Still not likely harassment. Maybe assault. By a pretty weenie definition. These days, anyone brushing against you in a crowd is often considered “assault.” Sheesh.
But, let me also add that yes, sexual harassment does occur and I know people to whom it has indeed happened. These are things that should be reported immediately, through respective channels up to and including law enforcement. But sometimes they aren’t, for a lot of reasons. Think of domestic violence—why do women stay? Lots of reasons. Looking in from the outside, you can’t know. You just can’t.
One more example, and this is relevant: once, my dad beat me. I mean throwing me on the floor, slamming me into a wall, chasing me when I tried to run, breaking down the door to my room. I was sixteen; it was January, 1980. I went to school late the next morning and straight to my guidance counselor’s office.
He asked if I wanted to press charges, and I said no. That was it. No mandated reporting. I’m sure he asked why and I’m sure I answered, but I don’t remember that part. That was it. End of story.
Well, sort of. I ran away.
I took the bus home with a friend, to her house; the mother of another friend picked me up, and then my mom came to take me to yet another friend’s house, where I stayed for a week or so. I had to come back, for school and all, so I went to my grandmother’s for a couple more weeks. Then my dad called, not to apologize, but to say my mom missed me and I should come home.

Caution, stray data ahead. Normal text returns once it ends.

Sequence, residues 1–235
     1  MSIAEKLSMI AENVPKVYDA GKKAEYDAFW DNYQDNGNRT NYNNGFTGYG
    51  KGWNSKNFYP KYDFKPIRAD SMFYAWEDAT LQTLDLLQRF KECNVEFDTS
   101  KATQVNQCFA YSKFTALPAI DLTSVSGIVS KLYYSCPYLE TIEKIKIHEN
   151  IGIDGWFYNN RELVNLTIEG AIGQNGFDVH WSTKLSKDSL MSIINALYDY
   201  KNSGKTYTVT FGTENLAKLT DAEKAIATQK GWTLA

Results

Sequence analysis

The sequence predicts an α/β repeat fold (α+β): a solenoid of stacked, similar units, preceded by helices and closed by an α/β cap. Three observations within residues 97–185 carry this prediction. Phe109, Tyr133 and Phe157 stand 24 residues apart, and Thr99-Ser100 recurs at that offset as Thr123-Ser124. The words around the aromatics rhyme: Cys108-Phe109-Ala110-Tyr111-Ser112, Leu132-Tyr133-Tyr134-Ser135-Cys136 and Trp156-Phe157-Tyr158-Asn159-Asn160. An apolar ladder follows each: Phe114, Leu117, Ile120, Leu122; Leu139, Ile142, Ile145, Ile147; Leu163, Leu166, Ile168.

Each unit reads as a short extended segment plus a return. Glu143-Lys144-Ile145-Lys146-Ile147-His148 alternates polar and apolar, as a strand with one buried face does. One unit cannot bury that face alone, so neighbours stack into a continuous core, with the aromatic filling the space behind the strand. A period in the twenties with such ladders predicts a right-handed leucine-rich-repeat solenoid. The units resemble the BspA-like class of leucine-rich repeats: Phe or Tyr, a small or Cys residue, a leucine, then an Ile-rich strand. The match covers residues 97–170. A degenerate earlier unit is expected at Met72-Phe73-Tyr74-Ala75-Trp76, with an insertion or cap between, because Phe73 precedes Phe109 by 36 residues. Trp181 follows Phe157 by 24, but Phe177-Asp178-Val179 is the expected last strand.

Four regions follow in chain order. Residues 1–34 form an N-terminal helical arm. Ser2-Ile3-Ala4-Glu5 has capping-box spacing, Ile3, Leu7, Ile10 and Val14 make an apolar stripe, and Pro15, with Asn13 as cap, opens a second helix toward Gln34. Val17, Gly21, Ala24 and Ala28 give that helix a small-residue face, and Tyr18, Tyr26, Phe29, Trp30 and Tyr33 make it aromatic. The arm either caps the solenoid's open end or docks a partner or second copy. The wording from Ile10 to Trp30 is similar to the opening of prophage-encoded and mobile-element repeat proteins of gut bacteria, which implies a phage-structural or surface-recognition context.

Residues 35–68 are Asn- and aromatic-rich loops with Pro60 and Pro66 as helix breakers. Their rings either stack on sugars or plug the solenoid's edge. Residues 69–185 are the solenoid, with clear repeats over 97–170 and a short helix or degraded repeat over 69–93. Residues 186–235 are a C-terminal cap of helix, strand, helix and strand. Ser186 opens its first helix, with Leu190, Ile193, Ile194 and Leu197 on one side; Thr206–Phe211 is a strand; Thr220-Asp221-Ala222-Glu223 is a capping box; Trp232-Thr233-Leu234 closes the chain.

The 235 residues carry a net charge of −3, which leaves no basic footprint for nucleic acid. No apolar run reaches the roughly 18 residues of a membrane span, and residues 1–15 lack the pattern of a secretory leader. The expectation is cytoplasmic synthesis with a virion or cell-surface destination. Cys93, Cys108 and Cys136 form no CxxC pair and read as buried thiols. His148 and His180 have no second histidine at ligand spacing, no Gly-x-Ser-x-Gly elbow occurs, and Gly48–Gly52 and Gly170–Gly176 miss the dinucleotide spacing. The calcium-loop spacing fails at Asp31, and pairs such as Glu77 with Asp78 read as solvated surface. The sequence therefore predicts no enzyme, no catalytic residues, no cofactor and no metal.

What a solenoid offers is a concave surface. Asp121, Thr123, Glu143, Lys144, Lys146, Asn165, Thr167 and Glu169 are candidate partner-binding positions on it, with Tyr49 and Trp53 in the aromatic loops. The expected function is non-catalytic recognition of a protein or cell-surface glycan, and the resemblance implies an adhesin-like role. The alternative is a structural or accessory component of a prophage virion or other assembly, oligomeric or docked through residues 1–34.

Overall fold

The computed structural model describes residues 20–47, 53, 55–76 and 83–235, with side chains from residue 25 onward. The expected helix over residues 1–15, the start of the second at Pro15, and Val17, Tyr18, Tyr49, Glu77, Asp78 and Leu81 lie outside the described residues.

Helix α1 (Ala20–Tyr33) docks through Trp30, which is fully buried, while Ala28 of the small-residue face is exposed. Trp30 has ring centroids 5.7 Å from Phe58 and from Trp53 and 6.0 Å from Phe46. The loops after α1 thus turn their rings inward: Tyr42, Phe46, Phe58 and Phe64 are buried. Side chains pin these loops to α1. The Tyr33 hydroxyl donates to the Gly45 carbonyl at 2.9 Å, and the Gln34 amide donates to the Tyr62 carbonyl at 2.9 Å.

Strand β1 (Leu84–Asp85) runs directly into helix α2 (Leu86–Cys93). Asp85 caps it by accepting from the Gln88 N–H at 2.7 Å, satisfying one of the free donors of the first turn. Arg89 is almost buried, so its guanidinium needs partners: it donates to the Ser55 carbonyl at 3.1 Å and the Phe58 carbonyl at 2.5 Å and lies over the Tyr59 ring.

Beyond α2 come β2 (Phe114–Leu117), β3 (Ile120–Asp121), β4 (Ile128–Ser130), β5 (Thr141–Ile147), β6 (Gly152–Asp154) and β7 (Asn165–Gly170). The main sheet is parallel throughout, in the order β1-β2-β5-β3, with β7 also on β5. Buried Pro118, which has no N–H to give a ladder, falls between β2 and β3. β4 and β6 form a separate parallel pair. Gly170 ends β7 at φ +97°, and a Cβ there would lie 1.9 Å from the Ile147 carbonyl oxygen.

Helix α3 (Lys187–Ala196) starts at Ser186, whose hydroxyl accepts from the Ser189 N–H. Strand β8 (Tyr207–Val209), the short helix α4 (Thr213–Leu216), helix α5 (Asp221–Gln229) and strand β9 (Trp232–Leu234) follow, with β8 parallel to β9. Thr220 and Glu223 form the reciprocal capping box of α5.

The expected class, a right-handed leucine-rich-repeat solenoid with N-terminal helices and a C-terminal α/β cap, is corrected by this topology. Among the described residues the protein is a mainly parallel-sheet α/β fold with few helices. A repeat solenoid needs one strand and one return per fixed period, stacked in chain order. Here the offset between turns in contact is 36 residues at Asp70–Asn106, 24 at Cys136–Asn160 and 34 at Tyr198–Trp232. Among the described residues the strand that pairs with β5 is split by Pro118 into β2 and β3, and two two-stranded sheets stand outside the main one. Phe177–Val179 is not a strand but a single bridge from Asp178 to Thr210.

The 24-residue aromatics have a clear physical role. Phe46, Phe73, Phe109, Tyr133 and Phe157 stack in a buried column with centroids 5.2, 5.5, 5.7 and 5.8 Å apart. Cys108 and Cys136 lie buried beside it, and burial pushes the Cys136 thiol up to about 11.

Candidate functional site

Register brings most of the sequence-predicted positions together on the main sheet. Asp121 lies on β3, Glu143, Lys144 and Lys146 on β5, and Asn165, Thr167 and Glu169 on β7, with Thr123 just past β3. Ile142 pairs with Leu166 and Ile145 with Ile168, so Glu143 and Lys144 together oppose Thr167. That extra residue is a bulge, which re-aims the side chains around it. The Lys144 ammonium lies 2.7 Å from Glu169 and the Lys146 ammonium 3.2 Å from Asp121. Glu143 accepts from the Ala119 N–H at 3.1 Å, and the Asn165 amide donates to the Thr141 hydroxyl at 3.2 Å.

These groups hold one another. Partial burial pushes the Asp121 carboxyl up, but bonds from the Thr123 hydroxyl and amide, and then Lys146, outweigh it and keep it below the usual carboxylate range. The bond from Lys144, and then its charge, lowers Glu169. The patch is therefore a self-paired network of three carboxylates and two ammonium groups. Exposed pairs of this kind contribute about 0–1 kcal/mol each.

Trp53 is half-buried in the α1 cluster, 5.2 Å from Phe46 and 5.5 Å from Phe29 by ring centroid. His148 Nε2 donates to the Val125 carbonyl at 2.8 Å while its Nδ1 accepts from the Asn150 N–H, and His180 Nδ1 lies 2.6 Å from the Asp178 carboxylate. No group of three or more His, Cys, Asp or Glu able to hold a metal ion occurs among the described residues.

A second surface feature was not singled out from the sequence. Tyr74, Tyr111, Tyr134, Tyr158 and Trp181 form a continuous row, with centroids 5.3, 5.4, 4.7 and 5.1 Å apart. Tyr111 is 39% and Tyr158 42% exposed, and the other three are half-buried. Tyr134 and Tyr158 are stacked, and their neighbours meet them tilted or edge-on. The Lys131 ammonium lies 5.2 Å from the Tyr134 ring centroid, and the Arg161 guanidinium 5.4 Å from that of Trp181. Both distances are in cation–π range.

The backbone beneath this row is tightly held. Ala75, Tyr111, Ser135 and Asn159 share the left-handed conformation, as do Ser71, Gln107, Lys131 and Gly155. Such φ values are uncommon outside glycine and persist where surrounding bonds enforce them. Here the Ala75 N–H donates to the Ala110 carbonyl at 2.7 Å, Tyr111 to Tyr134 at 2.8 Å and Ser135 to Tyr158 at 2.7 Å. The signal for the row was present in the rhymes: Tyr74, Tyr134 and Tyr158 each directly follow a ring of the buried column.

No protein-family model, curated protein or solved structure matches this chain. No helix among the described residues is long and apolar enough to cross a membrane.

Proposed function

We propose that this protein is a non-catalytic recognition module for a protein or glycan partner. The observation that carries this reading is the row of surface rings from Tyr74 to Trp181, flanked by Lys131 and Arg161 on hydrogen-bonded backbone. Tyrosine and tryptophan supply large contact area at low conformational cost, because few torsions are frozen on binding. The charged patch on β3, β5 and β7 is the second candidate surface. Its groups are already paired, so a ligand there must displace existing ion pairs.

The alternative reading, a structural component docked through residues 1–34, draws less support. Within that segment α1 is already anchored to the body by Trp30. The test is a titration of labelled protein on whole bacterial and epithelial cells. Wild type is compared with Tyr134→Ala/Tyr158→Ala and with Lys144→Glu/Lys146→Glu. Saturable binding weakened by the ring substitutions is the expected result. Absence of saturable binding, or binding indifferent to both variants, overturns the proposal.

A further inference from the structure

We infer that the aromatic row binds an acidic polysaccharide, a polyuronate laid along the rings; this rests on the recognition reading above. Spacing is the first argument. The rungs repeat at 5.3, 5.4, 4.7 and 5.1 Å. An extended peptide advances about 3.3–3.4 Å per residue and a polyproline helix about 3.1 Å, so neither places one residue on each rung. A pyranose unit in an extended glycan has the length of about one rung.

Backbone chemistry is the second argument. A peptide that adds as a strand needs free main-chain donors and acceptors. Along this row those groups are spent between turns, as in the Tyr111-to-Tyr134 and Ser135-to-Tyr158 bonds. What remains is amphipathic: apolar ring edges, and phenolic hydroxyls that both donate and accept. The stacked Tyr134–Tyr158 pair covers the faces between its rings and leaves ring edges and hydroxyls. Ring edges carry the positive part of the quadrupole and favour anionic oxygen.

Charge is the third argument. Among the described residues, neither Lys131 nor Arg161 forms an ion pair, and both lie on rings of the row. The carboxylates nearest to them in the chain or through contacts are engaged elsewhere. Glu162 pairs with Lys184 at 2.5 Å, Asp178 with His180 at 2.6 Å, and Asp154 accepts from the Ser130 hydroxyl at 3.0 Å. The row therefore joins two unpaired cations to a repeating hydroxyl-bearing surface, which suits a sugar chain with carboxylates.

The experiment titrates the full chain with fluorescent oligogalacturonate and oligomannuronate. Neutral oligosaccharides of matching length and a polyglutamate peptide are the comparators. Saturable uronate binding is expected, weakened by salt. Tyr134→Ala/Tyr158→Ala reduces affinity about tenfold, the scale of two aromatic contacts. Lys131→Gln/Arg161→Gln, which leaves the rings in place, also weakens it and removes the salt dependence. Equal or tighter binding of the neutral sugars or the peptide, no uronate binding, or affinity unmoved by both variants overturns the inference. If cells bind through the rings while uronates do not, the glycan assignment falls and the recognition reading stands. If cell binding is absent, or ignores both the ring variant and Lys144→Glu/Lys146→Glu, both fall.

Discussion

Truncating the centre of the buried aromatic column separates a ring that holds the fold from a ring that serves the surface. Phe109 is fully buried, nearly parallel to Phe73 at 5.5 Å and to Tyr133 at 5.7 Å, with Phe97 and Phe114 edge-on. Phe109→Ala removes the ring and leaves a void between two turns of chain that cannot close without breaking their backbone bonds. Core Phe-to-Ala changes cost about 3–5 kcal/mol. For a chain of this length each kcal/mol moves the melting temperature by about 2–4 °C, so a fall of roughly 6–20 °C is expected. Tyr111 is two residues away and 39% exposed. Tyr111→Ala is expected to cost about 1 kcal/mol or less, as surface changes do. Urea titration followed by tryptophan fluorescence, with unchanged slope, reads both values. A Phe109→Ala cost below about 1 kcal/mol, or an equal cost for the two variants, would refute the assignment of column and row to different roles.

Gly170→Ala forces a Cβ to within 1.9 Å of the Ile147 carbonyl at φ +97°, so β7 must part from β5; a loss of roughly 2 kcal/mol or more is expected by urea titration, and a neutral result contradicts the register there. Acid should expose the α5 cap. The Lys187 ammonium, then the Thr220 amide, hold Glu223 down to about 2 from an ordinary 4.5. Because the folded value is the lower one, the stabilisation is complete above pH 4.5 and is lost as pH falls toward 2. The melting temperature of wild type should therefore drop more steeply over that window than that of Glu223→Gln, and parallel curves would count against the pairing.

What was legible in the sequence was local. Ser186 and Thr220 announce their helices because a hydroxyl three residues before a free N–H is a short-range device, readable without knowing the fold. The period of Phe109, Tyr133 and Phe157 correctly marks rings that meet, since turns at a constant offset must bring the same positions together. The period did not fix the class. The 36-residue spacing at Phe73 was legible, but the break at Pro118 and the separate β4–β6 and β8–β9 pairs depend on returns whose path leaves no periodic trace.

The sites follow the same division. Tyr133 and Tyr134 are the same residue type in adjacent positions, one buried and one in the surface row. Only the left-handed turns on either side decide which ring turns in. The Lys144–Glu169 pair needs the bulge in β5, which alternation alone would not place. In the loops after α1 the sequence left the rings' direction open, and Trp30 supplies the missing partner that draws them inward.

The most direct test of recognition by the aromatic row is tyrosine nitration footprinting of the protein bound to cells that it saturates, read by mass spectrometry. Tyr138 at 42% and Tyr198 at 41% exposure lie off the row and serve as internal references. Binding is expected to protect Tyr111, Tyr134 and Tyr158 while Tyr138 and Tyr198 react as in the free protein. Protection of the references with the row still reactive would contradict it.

And that was it. We never talked about it. Never.
Over the years, things have changed about reporting abuse—and bullying, and harassment—that doesn’t mean I’d arbitrarily report something now, nearly 40 years later and assuming my dad hadn’t passed away in 2001. Neither would I report the jerk or the drunk, the former of whom is still alive and kicking; I doubt the other one is but I haven’t checked—in fact, I just now remembered his name. Ha.
What would be the point? To call them on the carpet because they did something decades ago? Everyone has done something stupid over their lives, yes, even you. You might remember it, it might haunt you, or you might be saying, “Huh? What?” And if I did, or you did, report some ancient incident, would that erase your memory of it? Of course not. Just like the slavery issue: my ancestors may have owned your ancestors, but *I* did not own *you.* Or them. It doesn’t mean we forget, it means it’s not relevant now.
IF you were to report something that happened 30 or 40 years ago, to whom would you report it? Law enforcement? Likely the statute of limitations has expired. So, to whom? Where has all this information lately coming from? The media. For what purpose? To bring up a person’s past? To punish?
Should people be held to a certain standard? Absolutely. Should government officials or politicians be held to a higher one? Perhaps. But they are people too, even if they aren’t quite like the rest of us peasants.